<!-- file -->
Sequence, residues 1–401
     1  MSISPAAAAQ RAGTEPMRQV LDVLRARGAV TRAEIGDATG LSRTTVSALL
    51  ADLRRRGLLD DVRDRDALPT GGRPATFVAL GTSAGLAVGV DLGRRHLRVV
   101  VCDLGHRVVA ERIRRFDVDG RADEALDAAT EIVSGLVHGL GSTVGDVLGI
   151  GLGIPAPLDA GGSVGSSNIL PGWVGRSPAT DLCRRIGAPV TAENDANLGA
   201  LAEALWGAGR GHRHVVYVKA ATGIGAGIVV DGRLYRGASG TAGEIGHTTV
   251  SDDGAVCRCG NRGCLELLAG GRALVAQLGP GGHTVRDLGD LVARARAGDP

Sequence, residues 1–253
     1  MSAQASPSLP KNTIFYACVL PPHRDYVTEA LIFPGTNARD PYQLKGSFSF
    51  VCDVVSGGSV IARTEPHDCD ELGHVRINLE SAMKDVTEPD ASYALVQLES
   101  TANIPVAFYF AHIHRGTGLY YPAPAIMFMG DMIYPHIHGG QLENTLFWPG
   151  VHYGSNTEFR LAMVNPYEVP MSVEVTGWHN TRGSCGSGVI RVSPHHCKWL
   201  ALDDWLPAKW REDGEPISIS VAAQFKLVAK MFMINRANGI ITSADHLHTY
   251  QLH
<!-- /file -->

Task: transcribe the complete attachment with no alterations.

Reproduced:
Sequence, residues 1–401
     1  MSISPAAAAQ RAGTEPMRQV LDVLRARGAV TRAEIGDATG LSRTTVSALL
    51  ADLRRRGLLD DVRDRDALPT GGRPATFVAL GTSAGLAVGV DLGRRHLRVV
   101  VCDLGHRVVA ERIRRFDVDG RADEALDAAT EIVSGLVHGL GSTVGDVLGI
   151  GLGIPAPLDA GGSVGSSNIL PGWVGRSPAT DLCRRIGAPV TAENDANLGA
   201  LAEALWGAGR GHRHVVYVKA ATGIGAGIVV DGRLYRGASG TAGEIGHTTV
   251  SDDGAVCRCG NRGCLELLAG GRALVAQLGP GGHTVRDLGD LVARARAGDP

Sequence, residues 1–253
     1  MSAQASPSLP KNTIFYACVL PPHRDYVTEA LIFPGTNARD PYQLKGSFSF
    51  VCDVVSGGSV IARTEPHDCD ELGHVRINLE SAMKDVTEPD ASYALVQLES
   101  TANIPVAFYF AHIHRGTGLY YPAPAIMFMG DMIYPHIHGG QLENTLFWPG
   151  VHYGSNTEFR LAMVNPYEVP MSVEVTGWHN TRGSCGSGVI RVSPHHCKWL
   201  ALDDWLPAKW REDGEPISIS VAAQFKLVAK MFMINRANGI ITSADHLHTY
   251  QLH